St. Jude Children’s Research Hospital made a commitment early in the pandemic to test all its employees regularly for COVID-19 regardless of symptoms. The tactic has enabled the institution to be a leader in research on the immune response of the virus.
Starting at the end of March, St. Jude instituted a standard for all employees to get tested for COVID-19 once a week. The program is one way the Memphis, Tenn.-based hospital is protecting employees and patients from transmission because it is detecting cases of the virus even among asymptomatic individuals, said Dr. Aditya Gaur, director of clinical research for the infectious diseases department.
Getting tested regularly is an expectation for employment at St. Jude, which is unique to the industry with most healthcare systems typically only testing their employees when they suspect exposure to COVID-19 or they are displaying symptoms.
Regular testing of employees doesn't guarantee reduction in transmission of COVID-19, said Dr. Andrew Furman, executive director of the clinical excellence program at ECRI. A person can be exposed any day after they test negative and the institution still wouldn't know until the person is tested again. It's also incredibly costly and puts supply chain at risk when conducting so many tests on a routine basis, he added. ECRI recommends mask wearing, hand washing and social distancing to reduce transmission among healthcare workers.
The research team at St. Jude is leveraging the COVID-19 test data to understand immune responses for the coronavirus. Right now, it’s unclear when people generate immunity and how long it lasts. Answers to these questions are critical as drugmakers work to bring a COVID-19 vaccine to market quickly, said Paul Thomas, a member of St. Jude’s immunology department.
“There is a lot of pressure to understand who (the vaccine) is going to protect, how it’s going to protect them and how long it’s going to protect them," he said.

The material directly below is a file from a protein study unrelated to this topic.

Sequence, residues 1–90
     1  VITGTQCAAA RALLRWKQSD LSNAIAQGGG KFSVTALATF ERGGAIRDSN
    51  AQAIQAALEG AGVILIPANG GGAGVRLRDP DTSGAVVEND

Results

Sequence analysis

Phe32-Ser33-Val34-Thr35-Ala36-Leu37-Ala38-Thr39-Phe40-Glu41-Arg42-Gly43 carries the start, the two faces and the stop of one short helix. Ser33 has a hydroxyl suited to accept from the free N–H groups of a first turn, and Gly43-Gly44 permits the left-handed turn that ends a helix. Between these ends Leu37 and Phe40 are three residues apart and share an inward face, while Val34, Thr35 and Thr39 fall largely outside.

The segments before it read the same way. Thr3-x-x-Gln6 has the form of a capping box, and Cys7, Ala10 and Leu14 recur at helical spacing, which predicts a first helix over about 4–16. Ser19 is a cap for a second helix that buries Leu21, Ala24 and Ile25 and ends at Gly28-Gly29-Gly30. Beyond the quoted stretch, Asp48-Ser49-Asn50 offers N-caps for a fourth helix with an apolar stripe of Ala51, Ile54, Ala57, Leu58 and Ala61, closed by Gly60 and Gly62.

The COVID-19 test data from St. Jude is ideal for researching immune response because it involves samples of participants who test negative for the virus, which allows researchers to understand what their immune system is like before exposure to COVID and if it indicates how they responded to the virus.
“You can do that in any study, but you need to have a time machine, so we were trying to do that without the time machine,” said Josh Wolf, member of the infectious disease department.
The research is being funded in part by the National Institutes of Health. St. Jude’s work is part of a group of studies NIH is funding focused on testing healthcare workers for the virus and tests for antibodies.
Employees volunteered to participate in the study. Besides weekly testing, the participants agree to have blood samples collected about every three months or if they test positive while enrolled in the study. Blood samples are taken again of infected individuals about three to eight weeks after exposure. Wolf said St. Jude’s institutional review board, employee relations group, legal group and human resources department worked together to make sure recruitment followed regulatory guidelines.
Of St. Jude’s 4,500 employees, a little over 1,240 are now participating in the research. About 100 of the participants are Black, and St. Jude made a concerted effort to recruit them. Minority populations are historically underrepresented in clinical trials, so it was important for St. Jude to try to address that, Wolf said.
St. Jude set up focus groups and meetings with departments with high concentrations of Black employees to talk about the study and any concerns they have about participating.
Concerns that came up about the research were if blood samples will be used for research beyond the study and what would happen to samples after the study was complete. Wolf said employees were assured the blood samples are only used for the study purposes and weren’t available for commercial use.